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population reportedly receiving food rations at the height of the programme. Subsequent analysis, while estimating overall food distribution levels against beneficiary requirements of 82-85 per cent during 198647, has found considerable variation in food distribution performance between districts, and that distributive shortfalls were particularly marked in the programme component for the highlyvulnerable ‘Remote Area Dwellers’ (Simmons and Lyons, 1992). The 1992-93 feeding programme was much smaller in scale. It still aimed to cover all children under five, but excluded food aid to non-medically selected pregnant and lactating women, destitutes and the RADs. This modification reflected the government’s wish to better control the total cost of drought relief as well as to reduce the dependency of the population on government for relief which was perceived to have developed in the 1980s. The information system, including the NNSS, continued to be used for planning, managing and monitoring the child feeding programme. However, food delivery performance even for the reduced target population is recognized to have been inadequate, and partly reflected institutional difficulties in ‘gearing up’ after several non-drought years. Labour based public works. This programme aims at supporting the incomes of households most affected by drought, while, as a secondary aim, creating productive or socially useful infrastructure. During the 198247 period, it was successful in creating short-term employment and providing income support, particularly to rural women who, as seen earlier, tend to be economically disadvantaged. Roughly 70-80 per cent of the 50-70 000 temporary workers engaged each year in the programme were women. At its peak, some 20 per cent of the rural working population was involved in the public works (Buchanan-Smith, 1990). The programme has been successful in effecting timely transfers of income to rural people through the District Councils, in cushioning local economies more generally from the impact of drought, and in achieving reasonable targeting of the rural poor (through a ‘self-selecting’ standard wage rate). However, its efficiency in creating physical assets has been much more questionable. While village development committees and the district authorities were responsible for identifying small-scale projects within a range of options provided by central government, they often lacked adequate technical capacity for planning and implementation. Although considerable village-level social infrastructure was created, productivity and quality of work tended to be low. Few projects had the effect of creating future incomes or jobs. The 1992-93 drought relief programme also included labour based public works. Projects were initially selected from the current National Development Plan (1991-97) rather than by village or local authorities, for accelerated implementation mainly by central ministries at field level. Such projects were larger in scale than those of 1982437 and tended to require greater technical resources. Several districts experienced initial difficulty in implementation due to personnel shortages. Women’s participation in the programme remained high. However, since remote area populations were not provided with supplementary food (in contrast to 1982%87), one concern was whether these groups would be able to obtain adequate access to public works projects. A related question was whether the reliance on projects included in the national plan would result in an adequate geographical coverage of villages. Recognizing these concerns, and in response to local pressure, the government rapidly increased its financial allocations to districts for local initiation of public works as the 1992 relief campaign progressed. The programme eventually did provide short-term income earning opportunities to large numbers 296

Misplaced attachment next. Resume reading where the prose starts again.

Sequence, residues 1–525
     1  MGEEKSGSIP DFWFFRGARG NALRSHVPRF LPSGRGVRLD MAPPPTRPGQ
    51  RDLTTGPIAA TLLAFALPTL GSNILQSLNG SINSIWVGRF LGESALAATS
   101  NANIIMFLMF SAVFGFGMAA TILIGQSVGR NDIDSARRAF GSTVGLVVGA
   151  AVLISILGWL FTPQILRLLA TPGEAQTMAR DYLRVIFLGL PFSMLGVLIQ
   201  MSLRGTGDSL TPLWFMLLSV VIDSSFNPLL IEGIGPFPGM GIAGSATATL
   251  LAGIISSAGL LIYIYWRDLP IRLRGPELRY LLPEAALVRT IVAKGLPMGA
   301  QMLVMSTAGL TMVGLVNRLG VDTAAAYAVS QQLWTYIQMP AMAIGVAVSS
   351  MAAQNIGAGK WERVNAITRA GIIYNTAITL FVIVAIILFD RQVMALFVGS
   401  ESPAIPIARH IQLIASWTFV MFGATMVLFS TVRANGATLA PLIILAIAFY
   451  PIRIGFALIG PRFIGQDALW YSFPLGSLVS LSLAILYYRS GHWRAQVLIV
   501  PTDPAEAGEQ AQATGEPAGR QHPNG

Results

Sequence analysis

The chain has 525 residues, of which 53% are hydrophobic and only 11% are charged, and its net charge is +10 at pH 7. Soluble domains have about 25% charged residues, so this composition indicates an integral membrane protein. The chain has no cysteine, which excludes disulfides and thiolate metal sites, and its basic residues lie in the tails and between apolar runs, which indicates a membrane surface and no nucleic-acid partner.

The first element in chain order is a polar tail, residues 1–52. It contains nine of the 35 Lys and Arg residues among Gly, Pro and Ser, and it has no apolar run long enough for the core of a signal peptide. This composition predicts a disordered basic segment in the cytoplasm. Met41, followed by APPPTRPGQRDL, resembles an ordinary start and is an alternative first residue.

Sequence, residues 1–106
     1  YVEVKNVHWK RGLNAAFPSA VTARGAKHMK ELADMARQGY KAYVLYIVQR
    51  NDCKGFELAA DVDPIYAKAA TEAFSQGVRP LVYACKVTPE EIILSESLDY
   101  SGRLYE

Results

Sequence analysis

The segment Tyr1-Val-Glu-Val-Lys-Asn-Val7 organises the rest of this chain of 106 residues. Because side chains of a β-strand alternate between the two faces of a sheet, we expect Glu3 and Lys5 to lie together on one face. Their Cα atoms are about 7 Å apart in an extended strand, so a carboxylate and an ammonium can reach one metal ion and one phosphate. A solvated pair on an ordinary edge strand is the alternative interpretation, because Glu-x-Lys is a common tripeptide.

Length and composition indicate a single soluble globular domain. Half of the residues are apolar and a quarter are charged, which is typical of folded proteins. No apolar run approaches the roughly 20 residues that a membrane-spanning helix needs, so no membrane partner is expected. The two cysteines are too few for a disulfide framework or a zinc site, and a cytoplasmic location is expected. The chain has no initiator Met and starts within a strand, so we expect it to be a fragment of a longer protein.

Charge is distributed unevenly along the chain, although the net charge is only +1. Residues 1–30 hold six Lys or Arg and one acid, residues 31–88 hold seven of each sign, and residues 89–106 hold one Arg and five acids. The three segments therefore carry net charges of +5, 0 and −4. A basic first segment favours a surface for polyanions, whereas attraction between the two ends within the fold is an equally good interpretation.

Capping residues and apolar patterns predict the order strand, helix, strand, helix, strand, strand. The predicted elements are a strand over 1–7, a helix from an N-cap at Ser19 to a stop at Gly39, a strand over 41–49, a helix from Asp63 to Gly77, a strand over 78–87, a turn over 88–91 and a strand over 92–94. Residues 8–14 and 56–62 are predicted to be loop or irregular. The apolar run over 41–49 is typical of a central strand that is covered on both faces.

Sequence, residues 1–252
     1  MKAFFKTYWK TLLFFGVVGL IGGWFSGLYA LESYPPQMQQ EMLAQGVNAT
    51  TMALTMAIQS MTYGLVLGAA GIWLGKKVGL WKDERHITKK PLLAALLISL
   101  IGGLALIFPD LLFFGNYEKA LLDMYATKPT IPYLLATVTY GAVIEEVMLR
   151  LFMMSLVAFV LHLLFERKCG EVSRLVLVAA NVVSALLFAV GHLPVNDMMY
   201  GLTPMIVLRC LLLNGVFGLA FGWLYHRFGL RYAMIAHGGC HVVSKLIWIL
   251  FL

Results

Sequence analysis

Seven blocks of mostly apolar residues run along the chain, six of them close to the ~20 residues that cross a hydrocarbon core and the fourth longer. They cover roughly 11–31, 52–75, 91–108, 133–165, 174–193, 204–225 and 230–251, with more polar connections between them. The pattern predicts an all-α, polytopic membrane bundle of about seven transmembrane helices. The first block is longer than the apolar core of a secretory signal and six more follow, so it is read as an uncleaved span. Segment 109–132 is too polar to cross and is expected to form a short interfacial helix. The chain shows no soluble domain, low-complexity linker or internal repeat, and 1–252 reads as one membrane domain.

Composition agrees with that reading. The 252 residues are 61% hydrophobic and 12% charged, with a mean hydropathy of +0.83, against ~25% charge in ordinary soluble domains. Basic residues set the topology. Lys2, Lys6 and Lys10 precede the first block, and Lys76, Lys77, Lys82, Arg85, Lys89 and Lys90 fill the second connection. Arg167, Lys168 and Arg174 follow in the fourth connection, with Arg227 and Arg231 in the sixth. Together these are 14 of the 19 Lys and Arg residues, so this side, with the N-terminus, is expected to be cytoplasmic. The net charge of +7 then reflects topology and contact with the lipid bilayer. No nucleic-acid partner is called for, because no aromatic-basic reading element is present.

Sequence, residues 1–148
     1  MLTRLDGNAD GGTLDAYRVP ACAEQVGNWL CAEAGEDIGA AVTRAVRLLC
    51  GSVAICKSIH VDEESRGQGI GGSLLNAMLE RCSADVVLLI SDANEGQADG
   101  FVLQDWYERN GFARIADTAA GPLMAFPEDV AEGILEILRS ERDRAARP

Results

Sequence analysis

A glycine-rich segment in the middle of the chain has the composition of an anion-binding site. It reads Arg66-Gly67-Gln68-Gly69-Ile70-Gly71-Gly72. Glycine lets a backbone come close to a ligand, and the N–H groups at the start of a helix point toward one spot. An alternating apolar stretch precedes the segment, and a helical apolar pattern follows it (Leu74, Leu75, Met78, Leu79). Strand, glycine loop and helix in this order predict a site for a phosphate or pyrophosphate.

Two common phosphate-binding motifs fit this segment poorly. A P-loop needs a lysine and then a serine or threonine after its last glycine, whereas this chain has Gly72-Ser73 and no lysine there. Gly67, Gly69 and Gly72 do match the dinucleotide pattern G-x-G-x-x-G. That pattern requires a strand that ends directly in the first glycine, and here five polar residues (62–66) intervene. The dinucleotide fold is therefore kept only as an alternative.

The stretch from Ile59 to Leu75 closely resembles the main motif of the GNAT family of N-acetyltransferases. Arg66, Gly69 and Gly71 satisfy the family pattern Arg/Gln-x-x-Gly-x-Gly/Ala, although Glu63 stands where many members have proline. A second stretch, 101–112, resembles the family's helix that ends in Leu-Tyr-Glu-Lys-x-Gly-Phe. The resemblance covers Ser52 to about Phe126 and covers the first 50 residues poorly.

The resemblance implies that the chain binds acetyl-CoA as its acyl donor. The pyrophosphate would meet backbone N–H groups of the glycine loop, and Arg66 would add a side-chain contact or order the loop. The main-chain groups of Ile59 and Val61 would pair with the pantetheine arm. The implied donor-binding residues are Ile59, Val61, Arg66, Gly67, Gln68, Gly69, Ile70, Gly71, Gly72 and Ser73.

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of people (an estimated 90 000), but the extent of access gained families and remote communities has yet to be closely assessed.

by very poor